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Tag: Avant-Garde

Apollinaire: The Poet and the Bridge

Apollinaire: The Poet and the Bridge

Born in Rome, in 1880, Wilhelm Albert Włodzimierz Apolinary Kostrowicki became one of the most important figures in the history of modernism, likely coining the terms Surrealism and Orphism along the way. Apollinaire, the name he adopted when he moved to France, was a tireless champion of the avant-garde, especially when it came to the cubist movement, painters, poets, composers and writers in general. His own production of poetry, novels and plays was prodigious, though there is still debate as…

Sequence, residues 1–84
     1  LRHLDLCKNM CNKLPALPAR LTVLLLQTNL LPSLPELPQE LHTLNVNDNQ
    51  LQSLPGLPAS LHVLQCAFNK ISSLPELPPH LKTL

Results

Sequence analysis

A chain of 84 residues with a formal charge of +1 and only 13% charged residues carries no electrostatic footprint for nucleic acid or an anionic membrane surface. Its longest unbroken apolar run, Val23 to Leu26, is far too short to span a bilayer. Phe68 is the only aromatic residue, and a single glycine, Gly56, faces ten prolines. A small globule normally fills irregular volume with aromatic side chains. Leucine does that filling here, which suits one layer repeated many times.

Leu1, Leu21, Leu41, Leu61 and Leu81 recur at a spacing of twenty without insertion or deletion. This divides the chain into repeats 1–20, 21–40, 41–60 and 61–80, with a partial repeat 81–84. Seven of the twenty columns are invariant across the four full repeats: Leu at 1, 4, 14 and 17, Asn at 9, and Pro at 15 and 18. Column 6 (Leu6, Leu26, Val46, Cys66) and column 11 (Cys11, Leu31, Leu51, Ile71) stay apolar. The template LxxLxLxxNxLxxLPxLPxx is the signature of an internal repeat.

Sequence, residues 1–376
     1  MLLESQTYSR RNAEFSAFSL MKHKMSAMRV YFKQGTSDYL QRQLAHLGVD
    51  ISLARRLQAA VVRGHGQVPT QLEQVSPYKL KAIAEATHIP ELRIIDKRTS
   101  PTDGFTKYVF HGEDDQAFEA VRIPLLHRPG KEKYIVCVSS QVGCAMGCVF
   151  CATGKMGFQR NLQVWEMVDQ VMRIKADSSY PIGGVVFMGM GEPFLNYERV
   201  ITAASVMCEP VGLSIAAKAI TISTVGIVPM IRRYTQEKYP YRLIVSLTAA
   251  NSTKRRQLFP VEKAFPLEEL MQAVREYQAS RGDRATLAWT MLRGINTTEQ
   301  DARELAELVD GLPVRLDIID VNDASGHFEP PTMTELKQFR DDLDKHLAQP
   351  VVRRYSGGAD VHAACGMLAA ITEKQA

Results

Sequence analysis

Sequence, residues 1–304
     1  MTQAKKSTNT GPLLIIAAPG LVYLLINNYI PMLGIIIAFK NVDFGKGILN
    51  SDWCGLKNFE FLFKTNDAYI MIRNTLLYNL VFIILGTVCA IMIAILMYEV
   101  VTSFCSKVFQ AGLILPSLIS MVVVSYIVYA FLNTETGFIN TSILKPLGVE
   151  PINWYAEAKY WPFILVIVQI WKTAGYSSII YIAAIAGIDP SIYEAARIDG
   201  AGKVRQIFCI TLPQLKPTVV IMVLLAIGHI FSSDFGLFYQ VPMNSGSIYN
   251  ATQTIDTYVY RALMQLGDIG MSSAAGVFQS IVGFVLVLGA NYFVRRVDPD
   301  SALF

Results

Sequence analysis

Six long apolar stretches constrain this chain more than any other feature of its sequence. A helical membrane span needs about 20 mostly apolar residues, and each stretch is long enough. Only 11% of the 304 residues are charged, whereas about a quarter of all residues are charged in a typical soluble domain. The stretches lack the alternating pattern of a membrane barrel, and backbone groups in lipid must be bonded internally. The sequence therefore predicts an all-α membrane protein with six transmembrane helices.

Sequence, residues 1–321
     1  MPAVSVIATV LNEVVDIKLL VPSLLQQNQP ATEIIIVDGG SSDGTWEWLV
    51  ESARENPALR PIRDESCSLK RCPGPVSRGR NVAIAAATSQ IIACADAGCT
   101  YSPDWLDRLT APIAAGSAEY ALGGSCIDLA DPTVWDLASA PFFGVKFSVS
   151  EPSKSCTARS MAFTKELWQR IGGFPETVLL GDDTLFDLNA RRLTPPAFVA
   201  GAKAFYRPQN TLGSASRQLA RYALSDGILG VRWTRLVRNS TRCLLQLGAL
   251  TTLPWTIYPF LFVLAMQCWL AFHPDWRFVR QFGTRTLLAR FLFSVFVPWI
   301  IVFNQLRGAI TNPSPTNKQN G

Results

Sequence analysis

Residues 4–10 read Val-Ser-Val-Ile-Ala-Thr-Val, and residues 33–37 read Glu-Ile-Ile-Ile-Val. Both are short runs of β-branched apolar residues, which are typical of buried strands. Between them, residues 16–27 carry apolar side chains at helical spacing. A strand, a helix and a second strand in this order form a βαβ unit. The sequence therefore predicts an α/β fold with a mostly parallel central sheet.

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Fear of the Avant-Garde

Fear of the Avant-Garde

 Philip Ball’s recent article, Who’s afraid of the avant-garde, provoked much thought. Why do we seem to “get” modern art, but not modern, experimental music? I think the author nears the core of the issue here: “There are certainly parallels in the way we make sense of acoustic and visual information. Chief among these rules are the “Gestalt principles” identified by a group of German-based psychologists in the early 20th century. These are a series of implicit mental rules that…

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